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Do protectionist tariffs hurt those they are meant to protect?

Geoff Riley

9th October 2019

Protective import tariff measures introduced by the United States against products from China, as well as retaliatory actions by China against US products, have achieved more or less the exact opposite of what they were at least officially intended to do, harming firms in the industries they were supposed to protect.

That is the central finding of new research by Peter Egger and Jiaqing Zhu, presented to the 70th Economic Policy Panel Meeting, hosted by the Bank of Finland in Helsinki on 10-11 October 2019.

Their study analyses the early consequences of the trade war between the United States and China by focusing on the stock market reactions of all listed firms in the United States, China and 38 other countries and territories within windows of up to 10 days after multiple tariff announcement events between March 2018 and May 2019.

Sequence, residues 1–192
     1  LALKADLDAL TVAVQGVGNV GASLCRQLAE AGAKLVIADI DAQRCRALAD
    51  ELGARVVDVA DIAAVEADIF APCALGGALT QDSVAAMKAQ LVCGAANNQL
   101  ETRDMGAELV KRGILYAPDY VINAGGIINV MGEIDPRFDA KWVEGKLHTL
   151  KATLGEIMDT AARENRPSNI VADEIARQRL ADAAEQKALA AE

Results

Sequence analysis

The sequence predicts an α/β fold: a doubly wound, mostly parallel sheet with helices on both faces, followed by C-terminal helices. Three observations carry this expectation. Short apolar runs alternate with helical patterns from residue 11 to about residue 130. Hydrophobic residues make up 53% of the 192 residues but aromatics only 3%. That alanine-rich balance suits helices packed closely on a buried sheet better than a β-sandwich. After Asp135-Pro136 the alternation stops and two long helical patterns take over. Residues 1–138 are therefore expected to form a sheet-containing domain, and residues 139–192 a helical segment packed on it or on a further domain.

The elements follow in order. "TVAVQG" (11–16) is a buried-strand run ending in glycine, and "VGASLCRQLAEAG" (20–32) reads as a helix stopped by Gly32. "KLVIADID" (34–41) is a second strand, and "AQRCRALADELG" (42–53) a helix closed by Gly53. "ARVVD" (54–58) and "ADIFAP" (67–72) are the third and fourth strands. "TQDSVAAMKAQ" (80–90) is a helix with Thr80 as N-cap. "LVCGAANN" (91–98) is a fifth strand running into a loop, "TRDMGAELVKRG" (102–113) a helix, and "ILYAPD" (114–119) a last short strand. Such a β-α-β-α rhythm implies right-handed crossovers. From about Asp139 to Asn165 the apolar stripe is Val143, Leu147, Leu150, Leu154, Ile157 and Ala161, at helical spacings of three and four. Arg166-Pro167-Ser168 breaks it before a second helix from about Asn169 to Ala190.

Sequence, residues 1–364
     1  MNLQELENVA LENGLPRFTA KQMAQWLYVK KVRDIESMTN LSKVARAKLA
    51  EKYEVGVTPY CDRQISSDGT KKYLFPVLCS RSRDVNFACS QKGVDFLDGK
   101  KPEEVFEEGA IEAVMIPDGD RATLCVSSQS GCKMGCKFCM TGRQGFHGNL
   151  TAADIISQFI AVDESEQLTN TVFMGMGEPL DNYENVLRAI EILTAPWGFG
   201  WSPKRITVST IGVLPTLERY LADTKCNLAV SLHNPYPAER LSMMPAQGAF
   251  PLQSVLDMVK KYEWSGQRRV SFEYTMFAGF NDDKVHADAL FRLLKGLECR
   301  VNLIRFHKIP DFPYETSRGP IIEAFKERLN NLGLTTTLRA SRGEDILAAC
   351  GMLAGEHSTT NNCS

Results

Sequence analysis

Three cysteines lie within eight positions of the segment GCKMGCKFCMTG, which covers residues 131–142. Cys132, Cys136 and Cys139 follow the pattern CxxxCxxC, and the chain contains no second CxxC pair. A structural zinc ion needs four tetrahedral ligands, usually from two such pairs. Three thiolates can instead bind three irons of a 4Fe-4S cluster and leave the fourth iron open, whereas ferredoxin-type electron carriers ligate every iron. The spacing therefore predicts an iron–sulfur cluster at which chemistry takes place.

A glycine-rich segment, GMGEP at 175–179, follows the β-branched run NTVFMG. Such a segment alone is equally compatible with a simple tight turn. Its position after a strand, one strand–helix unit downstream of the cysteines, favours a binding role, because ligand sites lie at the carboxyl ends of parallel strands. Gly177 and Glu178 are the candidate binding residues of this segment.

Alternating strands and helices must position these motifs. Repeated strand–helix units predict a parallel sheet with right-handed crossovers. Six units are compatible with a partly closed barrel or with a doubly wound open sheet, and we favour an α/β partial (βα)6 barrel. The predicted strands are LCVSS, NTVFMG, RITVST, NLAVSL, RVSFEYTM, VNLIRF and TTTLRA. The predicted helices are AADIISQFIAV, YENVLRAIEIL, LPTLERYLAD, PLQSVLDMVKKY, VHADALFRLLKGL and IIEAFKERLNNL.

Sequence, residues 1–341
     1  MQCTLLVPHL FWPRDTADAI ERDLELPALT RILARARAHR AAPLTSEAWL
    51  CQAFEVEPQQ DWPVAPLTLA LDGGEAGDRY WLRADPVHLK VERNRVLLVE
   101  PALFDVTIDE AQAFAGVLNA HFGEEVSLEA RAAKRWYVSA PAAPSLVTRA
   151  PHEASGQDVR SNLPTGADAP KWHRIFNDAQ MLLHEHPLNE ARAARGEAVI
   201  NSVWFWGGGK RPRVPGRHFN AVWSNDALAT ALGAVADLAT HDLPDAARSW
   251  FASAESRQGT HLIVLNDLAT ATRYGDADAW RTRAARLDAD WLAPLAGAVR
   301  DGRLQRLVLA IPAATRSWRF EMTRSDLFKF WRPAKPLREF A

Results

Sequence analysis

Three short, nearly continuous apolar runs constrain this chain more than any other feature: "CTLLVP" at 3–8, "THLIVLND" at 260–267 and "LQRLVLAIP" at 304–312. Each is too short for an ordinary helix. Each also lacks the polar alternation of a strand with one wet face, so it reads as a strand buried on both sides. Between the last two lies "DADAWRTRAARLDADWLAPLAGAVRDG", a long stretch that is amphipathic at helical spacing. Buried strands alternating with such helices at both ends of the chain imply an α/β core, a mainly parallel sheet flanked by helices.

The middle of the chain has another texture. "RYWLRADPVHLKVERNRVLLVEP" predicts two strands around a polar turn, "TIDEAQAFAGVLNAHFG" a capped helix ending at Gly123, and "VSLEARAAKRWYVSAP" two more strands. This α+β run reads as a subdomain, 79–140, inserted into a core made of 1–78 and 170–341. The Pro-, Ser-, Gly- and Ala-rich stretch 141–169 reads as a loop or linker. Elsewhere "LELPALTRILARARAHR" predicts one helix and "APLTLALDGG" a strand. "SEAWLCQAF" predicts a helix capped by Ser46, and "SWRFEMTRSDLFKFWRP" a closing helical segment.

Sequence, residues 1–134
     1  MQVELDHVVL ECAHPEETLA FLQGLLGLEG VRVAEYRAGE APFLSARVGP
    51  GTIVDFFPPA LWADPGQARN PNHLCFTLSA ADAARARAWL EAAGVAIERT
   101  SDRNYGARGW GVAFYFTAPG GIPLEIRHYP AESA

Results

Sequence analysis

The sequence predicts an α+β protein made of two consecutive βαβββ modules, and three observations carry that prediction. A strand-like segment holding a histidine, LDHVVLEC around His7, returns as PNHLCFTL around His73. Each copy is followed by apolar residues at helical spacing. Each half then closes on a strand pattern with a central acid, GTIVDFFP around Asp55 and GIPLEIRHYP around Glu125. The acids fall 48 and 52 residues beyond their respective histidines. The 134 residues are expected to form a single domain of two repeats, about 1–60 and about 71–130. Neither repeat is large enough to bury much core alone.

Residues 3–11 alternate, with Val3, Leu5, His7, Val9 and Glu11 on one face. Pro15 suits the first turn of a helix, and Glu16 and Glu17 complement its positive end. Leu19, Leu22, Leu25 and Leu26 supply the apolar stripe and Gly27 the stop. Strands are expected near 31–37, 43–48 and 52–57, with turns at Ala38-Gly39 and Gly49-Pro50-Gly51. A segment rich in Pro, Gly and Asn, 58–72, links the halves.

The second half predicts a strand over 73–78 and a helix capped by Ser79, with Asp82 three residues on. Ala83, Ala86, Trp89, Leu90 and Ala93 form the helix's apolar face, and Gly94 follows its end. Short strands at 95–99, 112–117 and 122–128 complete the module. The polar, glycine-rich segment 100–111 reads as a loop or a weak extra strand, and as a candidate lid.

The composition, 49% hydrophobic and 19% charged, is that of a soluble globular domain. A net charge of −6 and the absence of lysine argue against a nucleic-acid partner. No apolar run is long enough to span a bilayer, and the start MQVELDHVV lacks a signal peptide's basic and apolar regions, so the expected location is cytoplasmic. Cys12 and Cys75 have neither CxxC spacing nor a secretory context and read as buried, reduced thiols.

A key insight from their analysis, which is consistent with rumours from business, is that the protectionist tariffs hurt the domestic firms of the country that implements them – and even more so in the United States than in China.

What’s more, with modern business organised in global value chains, the tariffs are causing extensive collateral damage to untargeted sectors as well as to third countries.

Geoff Riley

Geoff Riley FRSA has been teaching Economics for over thirty years. He has over twenty years experience as Head of Economics at leading schools. He writes extensively and is a contributor and presenter on CPD conferences in the UK and overseas.

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